In 2019 the United States spent nearly 23 billion on promotional actives. Television was the largest medium based in 2018, with the digital medium right behind, according to statista.com. You've seen it for yourself, either on TV or online; commercials are here to stay. If you want to level-up your game, modeling what is happening in commercials will change your perspective. They will no longer be the unwelcome pests into your home via the television or electronic device.
I suggest you never think of advertising as annoying ever again if you are in the business of selling a product or service. This is your continuing education lessons.
Much of today's advertising is poorly built for the typical business, but there's always a tidbit or two to take away. The winner is the advertising agency that was lucky enough to put the campaign together and all the people who support that industry or work.
Let's look at some popular ads.
The ads are designed for specific groups of people. Insurance company ads are designed to appeal to particular groups of people. They know they can't have the whole market, so they contrive a strategy looking for groups of people.
While many entrepreneurs are wary about excluding people from their marketing, insurance companies lean into excluding people. Let's face it; selling insurance is like putting lipstick on a pig. How do you stand out in that crowded marketplace is a big challenge?
Discounts are an easy attention grabber but not profitable without massive volume. So, as a marketer, where do you plant your stake in the ground – do you provide custom pricing based on their needs? Or will you cover obscure events that you didn't think would happen? Or the customer's needs are so unique that you have to shop in a different type of marketplace, i.e., Lloyd's of London.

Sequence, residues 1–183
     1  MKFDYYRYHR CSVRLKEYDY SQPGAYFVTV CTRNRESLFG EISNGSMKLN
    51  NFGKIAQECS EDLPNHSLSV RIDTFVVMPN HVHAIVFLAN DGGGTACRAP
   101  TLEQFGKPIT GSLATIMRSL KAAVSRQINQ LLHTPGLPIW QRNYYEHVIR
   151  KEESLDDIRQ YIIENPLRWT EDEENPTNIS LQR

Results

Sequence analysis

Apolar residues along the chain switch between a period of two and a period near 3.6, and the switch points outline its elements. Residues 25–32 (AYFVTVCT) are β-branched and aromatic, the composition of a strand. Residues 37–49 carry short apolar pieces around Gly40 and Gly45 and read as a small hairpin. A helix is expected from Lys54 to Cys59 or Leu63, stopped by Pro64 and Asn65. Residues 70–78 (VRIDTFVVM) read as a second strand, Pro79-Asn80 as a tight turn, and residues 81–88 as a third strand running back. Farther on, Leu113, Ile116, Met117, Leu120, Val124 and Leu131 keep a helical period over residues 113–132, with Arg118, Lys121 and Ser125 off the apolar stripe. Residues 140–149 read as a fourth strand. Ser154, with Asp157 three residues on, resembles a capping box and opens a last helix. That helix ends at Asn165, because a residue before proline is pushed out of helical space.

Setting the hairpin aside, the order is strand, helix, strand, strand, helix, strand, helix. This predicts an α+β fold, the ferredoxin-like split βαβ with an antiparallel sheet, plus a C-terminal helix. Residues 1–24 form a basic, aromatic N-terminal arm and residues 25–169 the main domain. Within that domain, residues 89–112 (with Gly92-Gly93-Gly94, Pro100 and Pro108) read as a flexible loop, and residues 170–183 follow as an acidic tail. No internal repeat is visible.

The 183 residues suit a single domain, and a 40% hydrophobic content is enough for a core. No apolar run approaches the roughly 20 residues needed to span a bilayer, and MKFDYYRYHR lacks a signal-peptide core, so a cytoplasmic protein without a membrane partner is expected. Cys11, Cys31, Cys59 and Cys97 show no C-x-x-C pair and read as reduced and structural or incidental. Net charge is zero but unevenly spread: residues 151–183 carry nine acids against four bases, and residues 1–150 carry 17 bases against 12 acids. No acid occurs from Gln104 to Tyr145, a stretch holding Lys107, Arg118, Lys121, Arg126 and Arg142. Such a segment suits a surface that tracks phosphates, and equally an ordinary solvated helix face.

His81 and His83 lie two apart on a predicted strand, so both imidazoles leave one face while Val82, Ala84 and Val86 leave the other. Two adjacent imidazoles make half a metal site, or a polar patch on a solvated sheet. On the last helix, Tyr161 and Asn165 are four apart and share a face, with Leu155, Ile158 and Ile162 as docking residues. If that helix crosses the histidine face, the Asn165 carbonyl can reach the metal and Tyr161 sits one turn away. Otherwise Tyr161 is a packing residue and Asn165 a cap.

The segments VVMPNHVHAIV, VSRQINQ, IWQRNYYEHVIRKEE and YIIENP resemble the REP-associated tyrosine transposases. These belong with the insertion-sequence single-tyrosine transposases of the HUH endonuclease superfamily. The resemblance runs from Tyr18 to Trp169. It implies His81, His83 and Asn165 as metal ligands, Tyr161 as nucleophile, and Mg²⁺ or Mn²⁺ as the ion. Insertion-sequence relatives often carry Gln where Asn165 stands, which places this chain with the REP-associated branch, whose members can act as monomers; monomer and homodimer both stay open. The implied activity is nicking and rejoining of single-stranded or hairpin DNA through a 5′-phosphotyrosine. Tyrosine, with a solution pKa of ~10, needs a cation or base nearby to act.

Discount Savings Emphasis – the easiest to understand
GEICO – they're appealing to the audience who wants a discount. They promise fast, affordable rates. And a silly gecko.
Liberty Mutual – promises that you only pay for what you need with the suggestion that you'll save. They go from super silly to just silly.
State Farm – today's attention grabber is a discount on your rates when you're a good driver based on your app.
Anything Can Happen Focus – these often take a few minutes before you figure out – oh yeah, this is a commercial
Farmers – they're telling you that all kinds of crazy things happen in life, not to worry, we have your back.
Allstate – follows with Mr. Mayhem, with chaos everywhere you turn.
Specific Groups of People – I know who they are talking to
USAA – their message appeals to veterans and their families. As an exclusive program, they tell you who they are looking for; everyone else need not apply.
Naturally, this is a small sampling of advertisers.
And then there are those that don't need to advertise, because people just know who to call. This is who you call for 'this.'
One of those would be Lloyd's of London, an insurance marketplace for specialty and commercial needs.
Let's look at brick and mortar stores and how they appeal to their customers.
Department Store ads